Criminals to steal research limelight

March 7, 2003

A series of studies in which criminals are filmed re-enacting their offences and are then interviewed about them has been unveiled by one of the UK's leading crime specialists.

Martin Gill, professor of criminology at the University of Leicester, said his work would provide the first independent evaluation of which anti-crime measures were most effective.

Each study will look at different types of crime, starting with shoplifting and street robbery, then looking at others including fraud, burglary and hacking.

For shoplifting, criminals with previous convictions - many of whom Professor Gill suspects could "still be active" - are sent into a store with a small camera and are asked to explain their movements and what attracts them to a particular product. They are then invited to view the footage and describe their techniques before being filmed carrying out a theft - with a store's consent. Several retailers are collaborating with Professor Gill and are providing research funding.

He added: "We can see the sort of techniques that (criminals) use to steal.

When you break it down like that, you realise there is a knowledge base, that it is not just idle behaviour. These people know what they're doing, are good at it and get away with it."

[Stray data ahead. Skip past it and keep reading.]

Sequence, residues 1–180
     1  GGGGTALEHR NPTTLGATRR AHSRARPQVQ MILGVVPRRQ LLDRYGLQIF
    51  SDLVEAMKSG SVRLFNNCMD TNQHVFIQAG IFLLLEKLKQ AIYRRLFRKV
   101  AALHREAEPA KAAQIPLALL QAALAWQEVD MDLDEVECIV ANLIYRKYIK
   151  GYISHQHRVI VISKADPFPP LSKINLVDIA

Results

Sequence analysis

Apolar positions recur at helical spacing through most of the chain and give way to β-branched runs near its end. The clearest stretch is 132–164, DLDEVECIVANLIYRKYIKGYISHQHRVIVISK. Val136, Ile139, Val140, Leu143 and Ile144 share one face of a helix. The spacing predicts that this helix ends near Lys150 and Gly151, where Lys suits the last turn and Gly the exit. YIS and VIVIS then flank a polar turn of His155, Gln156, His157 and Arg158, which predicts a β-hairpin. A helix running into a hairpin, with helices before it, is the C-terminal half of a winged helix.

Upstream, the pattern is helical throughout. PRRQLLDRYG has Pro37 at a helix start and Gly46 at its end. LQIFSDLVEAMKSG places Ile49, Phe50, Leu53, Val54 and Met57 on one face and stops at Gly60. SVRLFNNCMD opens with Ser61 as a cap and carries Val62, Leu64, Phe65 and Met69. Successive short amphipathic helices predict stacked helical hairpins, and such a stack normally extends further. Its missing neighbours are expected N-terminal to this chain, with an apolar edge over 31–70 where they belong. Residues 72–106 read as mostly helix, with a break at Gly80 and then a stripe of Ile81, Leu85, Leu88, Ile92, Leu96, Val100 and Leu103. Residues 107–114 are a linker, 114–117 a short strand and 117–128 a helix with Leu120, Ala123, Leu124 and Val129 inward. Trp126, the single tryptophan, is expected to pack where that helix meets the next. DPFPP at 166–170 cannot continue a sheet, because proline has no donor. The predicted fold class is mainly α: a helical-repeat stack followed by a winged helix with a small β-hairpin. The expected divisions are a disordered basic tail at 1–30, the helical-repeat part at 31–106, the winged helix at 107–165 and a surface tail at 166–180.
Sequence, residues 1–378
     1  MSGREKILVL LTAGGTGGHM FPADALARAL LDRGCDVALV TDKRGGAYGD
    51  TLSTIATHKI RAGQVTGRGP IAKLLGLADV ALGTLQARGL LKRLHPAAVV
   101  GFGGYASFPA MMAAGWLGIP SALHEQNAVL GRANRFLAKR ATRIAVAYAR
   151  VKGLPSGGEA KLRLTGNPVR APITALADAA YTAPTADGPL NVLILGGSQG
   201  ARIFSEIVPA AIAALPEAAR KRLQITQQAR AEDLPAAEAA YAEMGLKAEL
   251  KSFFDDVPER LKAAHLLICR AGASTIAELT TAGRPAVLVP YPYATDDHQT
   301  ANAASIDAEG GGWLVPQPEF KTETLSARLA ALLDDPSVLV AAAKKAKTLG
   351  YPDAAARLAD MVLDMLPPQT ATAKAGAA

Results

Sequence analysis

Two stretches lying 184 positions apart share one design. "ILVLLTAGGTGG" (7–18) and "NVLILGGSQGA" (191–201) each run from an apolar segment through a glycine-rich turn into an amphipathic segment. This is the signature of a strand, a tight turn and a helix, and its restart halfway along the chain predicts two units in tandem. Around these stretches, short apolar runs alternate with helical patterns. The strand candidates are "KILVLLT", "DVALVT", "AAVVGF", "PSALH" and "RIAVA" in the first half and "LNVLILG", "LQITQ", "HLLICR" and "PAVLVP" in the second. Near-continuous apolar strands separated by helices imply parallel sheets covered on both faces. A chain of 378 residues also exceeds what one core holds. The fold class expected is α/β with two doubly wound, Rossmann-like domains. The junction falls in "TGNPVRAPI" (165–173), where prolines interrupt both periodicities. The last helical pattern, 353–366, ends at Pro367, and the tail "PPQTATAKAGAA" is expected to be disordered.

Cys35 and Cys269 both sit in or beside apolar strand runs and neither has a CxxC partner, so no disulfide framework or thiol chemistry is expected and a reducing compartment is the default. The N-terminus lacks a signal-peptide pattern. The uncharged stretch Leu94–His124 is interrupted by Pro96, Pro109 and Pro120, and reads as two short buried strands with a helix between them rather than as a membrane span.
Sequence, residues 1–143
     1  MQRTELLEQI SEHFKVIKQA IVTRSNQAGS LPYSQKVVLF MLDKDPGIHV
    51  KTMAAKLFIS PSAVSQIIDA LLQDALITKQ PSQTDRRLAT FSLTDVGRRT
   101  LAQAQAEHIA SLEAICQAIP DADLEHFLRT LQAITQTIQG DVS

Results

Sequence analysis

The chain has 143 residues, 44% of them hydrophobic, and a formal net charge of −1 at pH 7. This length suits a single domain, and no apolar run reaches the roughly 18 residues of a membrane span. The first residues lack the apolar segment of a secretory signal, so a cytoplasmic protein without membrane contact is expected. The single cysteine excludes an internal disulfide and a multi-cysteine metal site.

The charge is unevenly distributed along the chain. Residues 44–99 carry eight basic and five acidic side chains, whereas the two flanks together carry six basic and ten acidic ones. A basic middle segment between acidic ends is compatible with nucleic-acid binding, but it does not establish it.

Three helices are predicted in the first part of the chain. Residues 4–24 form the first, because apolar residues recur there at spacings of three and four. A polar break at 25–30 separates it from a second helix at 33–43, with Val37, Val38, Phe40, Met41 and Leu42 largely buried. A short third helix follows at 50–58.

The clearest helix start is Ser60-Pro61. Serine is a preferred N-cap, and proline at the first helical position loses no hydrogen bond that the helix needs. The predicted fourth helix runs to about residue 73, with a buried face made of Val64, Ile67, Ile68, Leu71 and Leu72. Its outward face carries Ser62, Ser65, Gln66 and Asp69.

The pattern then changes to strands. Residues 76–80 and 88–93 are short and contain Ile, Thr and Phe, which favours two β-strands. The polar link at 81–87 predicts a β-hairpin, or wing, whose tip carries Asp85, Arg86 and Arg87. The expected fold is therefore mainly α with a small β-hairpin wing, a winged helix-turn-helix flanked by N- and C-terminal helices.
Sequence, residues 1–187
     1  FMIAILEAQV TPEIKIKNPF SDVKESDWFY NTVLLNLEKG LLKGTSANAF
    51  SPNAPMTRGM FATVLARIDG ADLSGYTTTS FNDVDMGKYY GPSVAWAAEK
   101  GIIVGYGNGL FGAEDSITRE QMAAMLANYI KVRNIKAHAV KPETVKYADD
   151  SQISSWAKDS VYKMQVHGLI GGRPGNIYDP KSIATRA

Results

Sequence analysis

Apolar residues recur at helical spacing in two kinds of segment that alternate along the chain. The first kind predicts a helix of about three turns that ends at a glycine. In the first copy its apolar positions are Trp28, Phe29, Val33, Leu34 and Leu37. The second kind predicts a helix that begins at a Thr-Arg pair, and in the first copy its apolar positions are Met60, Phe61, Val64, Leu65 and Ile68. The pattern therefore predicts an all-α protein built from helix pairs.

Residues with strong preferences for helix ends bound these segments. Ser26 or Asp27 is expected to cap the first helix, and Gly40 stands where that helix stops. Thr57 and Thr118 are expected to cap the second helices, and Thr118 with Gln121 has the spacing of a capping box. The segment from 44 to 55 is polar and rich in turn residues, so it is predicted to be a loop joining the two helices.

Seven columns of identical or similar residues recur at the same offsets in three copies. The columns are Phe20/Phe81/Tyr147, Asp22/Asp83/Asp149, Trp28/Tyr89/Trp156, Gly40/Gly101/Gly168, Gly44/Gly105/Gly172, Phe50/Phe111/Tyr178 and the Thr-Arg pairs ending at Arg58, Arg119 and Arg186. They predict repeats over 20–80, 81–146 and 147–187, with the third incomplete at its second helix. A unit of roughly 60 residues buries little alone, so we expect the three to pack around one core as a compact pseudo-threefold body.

While the studies will be used to provide training videos to help police, security officers and victims, there is also a more academic side to Professor Gill's work. He explained: "For us to be conclusive about whether security measures are effective, it is very important to consider the views of those they are designed to challenge. The fact that offenders have not yet been used systematically to test the effectiveness of such measures creates a great gap in understanding."

The findings of Professor Gill's first study in the series, on what criminals say about CCTV, will be released at a conference in June.

Academic findings from all studies will be published by Perpetuity Press.

Details: www.le.ac.uk and www.perpetuitypress.com

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